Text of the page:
Naval History and Heritage Command

National Museum of the U.S. Navy

USS Oregon (Battleship #3, later BB-3 and IX-22), 1896-1919

The Indiana-class battleship, USS Oregon (Battleship #3), was commissioned on July 15, 1896, at San Francisco, California, and served with the Pacific Station.   Following the explosion of the battleship USS Maine on February 15, 1898, and growing tensions with Spain, she was ordered to the Atlantic to support the fleet.   Oregon made a dramatic voyage during the Spanish-American War, weathering storms, while encountering harsh gales while passing through the Straits of Magellan, arriving 66 days after she departed.   This journey gave evidence for buidling the Panama Canal as it would be prudent for the United States not to wait again for this transit if emergencies arose.   Oregon participated at the Battle of Santiago on July 3, 1898 and departed to support the Boxer Rebellion in June 1900.   During her transit, she was grounded and was repaired at Kure, Japan.  Following her repairs, she served in the area until decommissioned in April 1906 at Bremerton, Washington.   Recommissioned in August 1911, Oregon was relatively inactive until World War I, where she guarded the Pacific coast and escorted a troop convoy to Siberia.   Decommissioned in 1919, she was loaned in 1925 to the State of Oregon as a museum ship.   In February 1941, she was redesignated IX-22.  Upon America's entry into World War II, her hull was to be scrapped for steel needs, but she was retained as an ammunition barge and towed to Guam in 1944.   Oregon was finally sold for scrapping in 1956.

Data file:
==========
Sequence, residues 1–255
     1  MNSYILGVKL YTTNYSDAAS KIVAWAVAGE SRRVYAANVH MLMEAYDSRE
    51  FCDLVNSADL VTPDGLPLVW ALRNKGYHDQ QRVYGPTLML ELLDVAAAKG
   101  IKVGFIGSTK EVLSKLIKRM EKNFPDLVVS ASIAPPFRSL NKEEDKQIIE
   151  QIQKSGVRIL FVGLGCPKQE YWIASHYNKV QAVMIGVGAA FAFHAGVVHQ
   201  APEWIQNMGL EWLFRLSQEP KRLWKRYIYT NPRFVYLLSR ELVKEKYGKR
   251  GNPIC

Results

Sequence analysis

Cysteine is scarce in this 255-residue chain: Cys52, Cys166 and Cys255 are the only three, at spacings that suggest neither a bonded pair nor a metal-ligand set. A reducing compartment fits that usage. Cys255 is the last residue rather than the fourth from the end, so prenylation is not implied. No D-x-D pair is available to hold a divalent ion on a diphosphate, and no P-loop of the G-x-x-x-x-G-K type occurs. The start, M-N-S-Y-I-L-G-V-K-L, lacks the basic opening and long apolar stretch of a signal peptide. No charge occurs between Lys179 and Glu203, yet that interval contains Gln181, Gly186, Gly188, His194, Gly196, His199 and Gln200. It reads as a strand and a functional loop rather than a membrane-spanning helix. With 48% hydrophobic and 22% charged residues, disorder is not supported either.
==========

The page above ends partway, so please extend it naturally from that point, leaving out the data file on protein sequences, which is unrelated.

A model of Oregon can be found in the Steel Navy section of the National Museum of the U.S. Navy.   

Image:  NH 62591:   USS Oregon (Battleship #3), off San Francisco, California, March 18, 1898, the day she departed for her 66 day voyage to the Atlantic.  NHHC Photograph Collection.